This recording gives an insiders view of the role and responsibilities of a village shop during the period before the arrival of Supermarkets.
Elizabeth Stubbings recalls her childhood in Paul in discussion with Mel Mitchell. Elizabeth explains her family connection to Paul, gives details about her education in the village school and is clear about the village ‘identity’ as very separate from Mousehole. (22 minutes)
Peter Robinson and Harry Pender discuss Harry’s family and his lifelong connection to Mousehole. Harry explains details of everyday life in Mousehole during the early 20th century (open sewers etc.) and the self-sufficiency of the village (lots of shops). He talks about; the family fishing business, WW2 (including references to Dunkirk and family involvement in Decoy fires), education, apprenticeship at Holman’s, National Service, setting up his business in Penzance, marriage, moving out of the village and back with his young family. His memories also include a description of repairing the children’s rock pool in Mousehole in the 1960s and he discusses his long-standing membership of Mousehole Male Voice Choir.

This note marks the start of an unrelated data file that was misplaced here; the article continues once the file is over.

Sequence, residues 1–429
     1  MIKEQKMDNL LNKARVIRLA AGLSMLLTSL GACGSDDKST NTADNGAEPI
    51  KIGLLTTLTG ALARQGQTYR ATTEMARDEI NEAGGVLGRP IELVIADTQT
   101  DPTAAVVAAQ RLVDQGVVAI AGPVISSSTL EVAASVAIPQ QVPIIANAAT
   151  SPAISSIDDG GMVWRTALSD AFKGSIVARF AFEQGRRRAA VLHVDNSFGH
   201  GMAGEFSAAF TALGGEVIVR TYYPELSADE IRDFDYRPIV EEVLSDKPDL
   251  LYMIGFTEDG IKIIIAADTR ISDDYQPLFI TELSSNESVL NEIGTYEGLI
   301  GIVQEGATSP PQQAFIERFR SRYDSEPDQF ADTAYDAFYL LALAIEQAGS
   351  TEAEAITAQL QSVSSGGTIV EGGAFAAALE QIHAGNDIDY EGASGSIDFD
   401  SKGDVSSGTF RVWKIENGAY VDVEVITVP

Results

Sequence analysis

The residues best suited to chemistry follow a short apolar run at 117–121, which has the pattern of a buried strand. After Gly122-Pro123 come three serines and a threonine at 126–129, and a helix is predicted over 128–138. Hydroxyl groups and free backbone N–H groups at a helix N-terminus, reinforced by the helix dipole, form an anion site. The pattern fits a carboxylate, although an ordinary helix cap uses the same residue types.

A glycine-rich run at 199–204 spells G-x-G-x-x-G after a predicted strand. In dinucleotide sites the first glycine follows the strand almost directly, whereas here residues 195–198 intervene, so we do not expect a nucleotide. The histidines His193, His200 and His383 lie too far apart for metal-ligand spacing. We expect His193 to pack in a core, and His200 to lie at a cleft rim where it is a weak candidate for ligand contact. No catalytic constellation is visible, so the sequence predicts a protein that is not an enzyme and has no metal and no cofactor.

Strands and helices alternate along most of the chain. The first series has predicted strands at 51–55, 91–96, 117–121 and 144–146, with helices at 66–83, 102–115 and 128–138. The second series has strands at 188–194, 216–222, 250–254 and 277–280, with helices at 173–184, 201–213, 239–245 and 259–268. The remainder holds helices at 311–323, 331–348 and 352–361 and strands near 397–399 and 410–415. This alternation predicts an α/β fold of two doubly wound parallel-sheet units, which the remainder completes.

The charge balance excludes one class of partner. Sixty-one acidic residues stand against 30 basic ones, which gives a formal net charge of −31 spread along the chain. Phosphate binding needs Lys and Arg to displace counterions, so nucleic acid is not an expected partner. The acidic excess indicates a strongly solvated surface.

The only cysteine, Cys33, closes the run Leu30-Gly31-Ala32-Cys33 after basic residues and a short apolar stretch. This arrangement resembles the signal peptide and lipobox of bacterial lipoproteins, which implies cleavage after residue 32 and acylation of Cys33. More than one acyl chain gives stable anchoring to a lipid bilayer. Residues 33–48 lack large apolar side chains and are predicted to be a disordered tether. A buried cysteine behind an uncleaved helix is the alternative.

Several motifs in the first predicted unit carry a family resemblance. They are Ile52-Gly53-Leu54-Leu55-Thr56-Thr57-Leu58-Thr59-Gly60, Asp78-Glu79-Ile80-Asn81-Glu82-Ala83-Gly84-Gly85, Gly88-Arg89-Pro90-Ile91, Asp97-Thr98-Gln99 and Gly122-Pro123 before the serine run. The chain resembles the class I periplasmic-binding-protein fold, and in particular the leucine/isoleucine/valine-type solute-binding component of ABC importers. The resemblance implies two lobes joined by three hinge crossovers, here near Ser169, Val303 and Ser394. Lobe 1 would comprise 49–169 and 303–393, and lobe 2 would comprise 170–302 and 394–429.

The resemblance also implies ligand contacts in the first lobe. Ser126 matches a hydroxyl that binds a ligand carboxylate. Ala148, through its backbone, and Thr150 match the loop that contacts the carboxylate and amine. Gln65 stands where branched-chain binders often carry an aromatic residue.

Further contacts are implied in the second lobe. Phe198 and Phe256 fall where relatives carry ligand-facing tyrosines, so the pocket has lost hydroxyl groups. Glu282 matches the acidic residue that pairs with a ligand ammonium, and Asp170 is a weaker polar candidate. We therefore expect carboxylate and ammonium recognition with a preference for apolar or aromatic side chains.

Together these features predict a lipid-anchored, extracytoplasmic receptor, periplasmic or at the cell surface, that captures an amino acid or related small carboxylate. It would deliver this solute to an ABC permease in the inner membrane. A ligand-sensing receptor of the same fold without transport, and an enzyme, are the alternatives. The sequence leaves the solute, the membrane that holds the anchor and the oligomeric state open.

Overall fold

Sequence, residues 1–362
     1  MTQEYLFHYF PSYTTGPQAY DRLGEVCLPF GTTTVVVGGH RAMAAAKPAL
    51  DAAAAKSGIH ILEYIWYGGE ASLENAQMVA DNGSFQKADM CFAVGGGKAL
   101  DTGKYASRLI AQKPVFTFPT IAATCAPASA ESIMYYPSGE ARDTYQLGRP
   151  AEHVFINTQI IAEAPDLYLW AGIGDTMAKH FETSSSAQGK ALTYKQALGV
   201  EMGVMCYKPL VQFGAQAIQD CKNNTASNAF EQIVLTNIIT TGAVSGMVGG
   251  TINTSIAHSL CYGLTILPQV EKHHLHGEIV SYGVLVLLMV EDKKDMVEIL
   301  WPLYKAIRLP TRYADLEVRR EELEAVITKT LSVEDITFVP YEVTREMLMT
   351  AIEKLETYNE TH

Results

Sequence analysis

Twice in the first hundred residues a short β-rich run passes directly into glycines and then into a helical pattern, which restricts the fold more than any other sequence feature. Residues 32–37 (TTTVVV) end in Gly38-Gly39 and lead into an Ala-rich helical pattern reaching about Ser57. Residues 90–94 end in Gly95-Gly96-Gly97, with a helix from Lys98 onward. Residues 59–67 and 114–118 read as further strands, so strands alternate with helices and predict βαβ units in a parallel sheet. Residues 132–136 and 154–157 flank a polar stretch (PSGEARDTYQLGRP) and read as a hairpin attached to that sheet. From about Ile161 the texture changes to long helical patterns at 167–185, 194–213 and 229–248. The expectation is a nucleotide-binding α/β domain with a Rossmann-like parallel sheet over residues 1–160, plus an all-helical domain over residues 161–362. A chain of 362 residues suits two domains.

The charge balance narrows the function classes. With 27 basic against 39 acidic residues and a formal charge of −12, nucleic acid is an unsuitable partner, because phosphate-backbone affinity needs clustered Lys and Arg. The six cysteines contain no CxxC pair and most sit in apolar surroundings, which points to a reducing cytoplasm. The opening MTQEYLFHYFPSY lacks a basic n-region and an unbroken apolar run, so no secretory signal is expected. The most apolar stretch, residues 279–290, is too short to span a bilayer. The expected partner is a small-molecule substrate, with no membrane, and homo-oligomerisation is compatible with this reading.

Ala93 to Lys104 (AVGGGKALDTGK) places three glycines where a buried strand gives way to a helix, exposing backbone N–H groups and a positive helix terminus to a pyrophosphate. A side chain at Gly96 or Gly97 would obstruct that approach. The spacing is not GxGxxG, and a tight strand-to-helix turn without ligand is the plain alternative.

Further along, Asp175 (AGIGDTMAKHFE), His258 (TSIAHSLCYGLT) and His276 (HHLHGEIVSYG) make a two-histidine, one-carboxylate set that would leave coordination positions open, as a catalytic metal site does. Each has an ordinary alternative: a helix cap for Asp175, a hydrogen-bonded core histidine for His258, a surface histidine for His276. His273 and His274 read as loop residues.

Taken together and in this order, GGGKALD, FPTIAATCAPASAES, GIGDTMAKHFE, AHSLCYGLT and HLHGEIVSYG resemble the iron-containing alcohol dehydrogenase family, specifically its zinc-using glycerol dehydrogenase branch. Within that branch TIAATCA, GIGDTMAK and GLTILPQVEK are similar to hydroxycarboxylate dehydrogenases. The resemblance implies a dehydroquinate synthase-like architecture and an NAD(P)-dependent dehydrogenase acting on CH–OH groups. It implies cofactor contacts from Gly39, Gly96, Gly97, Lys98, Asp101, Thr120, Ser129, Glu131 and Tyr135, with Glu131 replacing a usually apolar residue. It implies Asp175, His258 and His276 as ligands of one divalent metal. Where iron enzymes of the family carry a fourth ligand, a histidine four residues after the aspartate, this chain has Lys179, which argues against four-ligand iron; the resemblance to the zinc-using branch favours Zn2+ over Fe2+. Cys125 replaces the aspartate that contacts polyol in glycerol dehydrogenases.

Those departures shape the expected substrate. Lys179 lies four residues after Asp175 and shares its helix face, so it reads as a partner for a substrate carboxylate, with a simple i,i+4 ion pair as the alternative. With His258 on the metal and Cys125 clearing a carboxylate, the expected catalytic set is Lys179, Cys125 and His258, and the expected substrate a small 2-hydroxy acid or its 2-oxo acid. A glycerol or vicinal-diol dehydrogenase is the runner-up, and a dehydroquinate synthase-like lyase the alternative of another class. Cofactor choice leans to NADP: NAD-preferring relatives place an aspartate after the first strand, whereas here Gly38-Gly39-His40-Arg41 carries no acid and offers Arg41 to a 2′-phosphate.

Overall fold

This recording contains some swearing (18 minutes)
In this recording Douglas Williams is talking to Diane Ayers about significant local events he covered during his career as a local journalist. Douglas explains the story behind the Torrey Canyon disaster and the loss of the Penlee lifeboat. Douglas also discusses the relationship between the Newlyn Artist colony and the locals in Newlyn. (18 minutes)
Peter is talking with Andrew Yates about his family connection to John Pearce, one of the Mousehole men who went on a missionary expedition to Patagonia. He discusses the outline history of the journey and its outcome and reads some extracts from family letters from John Pearce. Peter also explains his family connection to Paul and visits to the village in his childhood. (40 minutes)